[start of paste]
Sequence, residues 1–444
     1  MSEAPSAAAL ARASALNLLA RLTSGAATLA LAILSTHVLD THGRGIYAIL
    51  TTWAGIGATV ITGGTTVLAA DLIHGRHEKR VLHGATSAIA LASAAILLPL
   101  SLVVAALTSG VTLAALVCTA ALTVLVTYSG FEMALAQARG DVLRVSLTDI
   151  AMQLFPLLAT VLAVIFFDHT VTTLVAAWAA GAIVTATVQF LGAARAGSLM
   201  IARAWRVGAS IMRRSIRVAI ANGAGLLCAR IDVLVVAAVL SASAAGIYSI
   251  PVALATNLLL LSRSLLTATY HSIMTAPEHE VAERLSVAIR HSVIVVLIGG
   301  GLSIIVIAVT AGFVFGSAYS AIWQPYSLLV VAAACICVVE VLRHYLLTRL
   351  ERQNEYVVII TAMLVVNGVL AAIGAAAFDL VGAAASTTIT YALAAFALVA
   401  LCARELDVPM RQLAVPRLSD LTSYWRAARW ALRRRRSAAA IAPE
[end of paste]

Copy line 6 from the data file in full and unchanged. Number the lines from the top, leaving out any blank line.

   201  IARAWRVGAS IMRRSIRVAI ANGAGLLCAR IDVLVVAAVL SASAAGIYSI